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German and Swiss doctors protest

A series of strikes and demonstrations by German doctors demanding less work and more pay took Germany by surprise this year.

While confessing that “Germany does not have a true free market in the medical field,” Professor Nagel of the University of Bayreuth did not acknowledge this to be the cause of the widespread discontent.

The “ongoing process of cost reduction” and “battle for a solidarity system” involve a number of strong-arm measures, reports Alphonse Crespo, M.D., of the Institute Constant de Rebecque. These include: “conscription of all income groups into regulated health schemes, plundering of private insurance companies and punishing pharmaceutical R&D by elbowing doctors into prescription of low-cost drugs.”

Crespo notes that “[c]oercing the well to do into public health insurance can only increase the number of rationed travelers in an overloaded boat. The losers will be those most in need of subsidized care.”

The Bonus Malus laws, which punish doctors for prescribing expensive drugs, are one cause of the physician protest movement. A survey showed that 60% of the public think they will no longer be able to get the best possible treatment from their doctor.

In Switzerland, 100,000 medical practitioners marched on Bern last April to protest “the dismantlement of basic family doctor medicine and house-medical services.” This event, Crespo predicts, “may mark the end of pseudo-consensus and one-way compromises between medical professionals and the administrative authority.”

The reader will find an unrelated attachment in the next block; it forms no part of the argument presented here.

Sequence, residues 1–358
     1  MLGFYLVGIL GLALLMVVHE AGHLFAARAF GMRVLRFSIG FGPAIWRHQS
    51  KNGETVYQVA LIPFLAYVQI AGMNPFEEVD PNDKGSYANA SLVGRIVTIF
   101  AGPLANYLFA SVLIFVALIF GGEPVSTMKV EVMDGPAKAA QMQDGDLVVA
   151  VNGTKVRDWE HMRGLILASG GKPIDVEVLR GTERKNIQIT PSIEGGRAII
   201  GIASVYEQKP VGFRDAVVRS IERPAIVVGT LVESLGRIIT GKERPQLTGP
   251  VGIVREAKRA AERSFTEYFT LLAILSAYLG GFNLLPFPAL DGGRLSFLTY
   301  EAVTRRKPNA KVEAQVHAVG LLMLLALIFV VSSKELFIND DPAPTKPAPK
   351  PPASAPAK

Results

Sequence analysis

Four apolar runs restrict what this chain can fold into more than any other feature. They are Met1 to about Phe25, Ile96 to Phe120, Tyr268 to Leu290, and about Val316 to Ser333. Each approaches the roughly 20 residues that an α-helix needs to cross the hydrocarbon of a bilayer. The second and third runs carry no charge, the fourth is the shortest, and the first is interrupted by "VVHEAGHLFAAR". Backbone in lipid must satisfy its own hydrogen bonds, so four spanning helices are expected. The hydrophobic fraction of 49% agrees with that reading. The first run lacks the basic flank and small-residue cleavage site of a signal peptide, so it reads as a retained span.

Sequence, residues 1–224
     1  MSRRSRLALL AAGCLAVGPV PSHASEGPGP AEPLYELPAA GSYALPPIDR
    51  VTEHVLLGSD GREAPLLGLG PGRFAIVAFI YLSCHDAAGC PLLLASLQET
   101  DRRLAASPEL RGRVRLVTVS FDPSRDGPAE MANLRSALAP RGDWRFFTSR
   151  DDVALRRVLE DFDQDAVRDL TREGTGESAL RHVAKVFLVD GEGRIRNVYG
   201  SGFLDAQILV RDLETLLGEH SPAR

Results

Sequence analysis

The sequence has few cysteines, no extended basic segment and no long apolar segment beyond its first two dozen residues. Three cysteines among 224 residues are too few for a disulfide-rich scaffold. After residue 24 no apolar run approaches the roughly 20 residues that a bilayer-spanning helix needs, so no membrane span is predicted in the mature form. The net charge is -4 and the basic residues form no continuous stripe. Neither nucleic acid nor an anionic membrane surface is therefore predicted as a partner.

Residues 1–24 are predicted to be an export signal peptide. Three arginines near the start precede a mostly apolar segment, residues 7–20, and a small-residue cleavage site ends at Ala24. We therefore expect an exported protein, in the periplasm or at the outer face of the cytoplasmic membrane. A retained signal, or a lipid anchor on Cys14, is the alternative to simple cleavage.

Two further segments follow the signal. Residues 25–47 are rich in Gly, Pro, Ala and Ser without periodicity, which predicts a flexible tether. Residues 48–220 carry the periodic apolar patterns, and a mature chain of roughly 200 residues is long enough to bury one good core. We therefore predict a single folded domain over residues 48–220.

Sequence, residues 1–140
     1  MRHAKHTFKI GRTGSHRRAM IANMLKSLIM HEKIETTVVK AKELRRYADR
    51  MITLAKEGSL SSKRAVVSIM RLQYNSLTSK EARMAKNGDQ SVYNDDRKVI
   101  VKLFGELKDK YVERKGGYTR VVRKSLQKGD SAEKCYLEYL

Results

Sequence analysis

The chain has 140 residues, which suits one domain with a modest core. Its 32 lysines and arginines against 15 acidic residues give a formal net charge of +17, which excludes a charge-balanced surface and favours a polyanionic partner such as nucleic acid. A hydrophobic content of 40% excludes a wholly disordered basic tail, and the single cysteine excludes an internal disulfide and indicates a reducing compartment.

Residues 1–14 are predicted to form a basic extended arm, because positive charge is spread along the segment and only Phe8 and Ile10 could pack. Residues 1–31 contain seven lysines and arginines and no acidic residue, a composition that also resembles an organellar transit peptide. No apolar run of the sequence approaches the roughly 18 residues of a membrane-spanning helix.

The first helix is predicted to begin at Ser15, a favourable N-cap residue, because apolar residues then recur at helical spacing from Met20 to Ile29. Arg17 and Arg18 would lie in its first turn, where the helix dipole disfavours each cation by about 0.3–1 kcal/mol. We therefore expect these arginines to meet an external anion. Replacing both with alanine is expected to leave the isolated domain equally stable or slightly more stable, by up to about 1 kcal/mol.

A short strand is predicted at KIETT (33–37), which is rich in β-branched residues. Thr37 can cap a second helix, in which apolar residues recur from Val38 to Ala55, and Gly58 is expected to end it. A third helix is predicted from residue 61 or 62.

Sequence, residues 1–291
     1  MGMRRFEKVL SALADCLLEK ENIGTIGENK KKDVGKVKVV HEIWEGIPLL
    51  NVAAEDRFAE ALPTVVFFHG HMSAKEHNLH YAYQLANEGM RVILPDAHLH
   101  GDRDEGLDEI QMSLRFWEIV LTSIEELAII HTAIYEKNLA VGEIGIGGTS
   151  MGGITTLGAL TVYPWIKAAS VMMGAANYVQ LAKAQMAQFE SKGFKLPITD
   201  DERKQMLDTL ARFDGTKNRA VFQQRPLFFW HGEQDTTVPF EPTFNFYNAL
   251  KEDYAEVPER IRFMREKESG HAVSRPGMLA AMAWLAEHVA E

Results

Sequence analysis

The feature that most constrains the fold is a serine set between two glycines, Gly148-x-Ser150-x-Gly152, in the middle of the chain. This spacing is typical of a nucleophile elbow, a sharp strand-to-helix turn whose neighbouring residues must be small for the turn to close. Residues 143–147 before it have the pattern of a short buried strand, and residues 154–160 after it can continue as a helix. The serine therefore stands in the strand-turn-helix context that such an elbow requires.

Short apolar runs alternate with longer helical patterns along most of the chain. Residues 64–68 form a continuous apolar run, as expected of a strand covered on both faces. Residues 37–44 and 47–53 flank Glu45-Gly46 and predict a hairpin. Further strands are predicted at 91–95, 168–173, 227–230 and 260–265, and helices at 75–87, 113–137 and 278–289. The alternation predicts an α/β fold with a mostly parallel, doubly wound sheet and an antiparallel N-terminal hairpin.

Swiss doctors are rankled by increased bureaucratic intrusions into the patient-physician relationship and barriers to diagnostic tools and free choice of treatment. In 1994, new laws “established compulsory insurance and spawned a de facto cartel of insurance providers anointed with almost unlimited regulatory powers.”

In 2000, federal authorities suspended the opening of new medical practices for 5 years, on the theory that cost is directly related to the number of practicing physicians. Although the number of visits to doctors has been shown to be unrelated to the density of GPs, the ban has been extended to 2008.

“Top to bottom planning is now the rule in cantonal and federal health policymaking and the opinion of doctors has become irrelevant,” Crespo states.

See: “Getting Rid of Marx and Bismarck in Health Care: the German Quagmire” and “The Other Side of Compromise: the Gloom of Swiss Doctors” by Alphonse Crespo, The Doctor’s Notebook.

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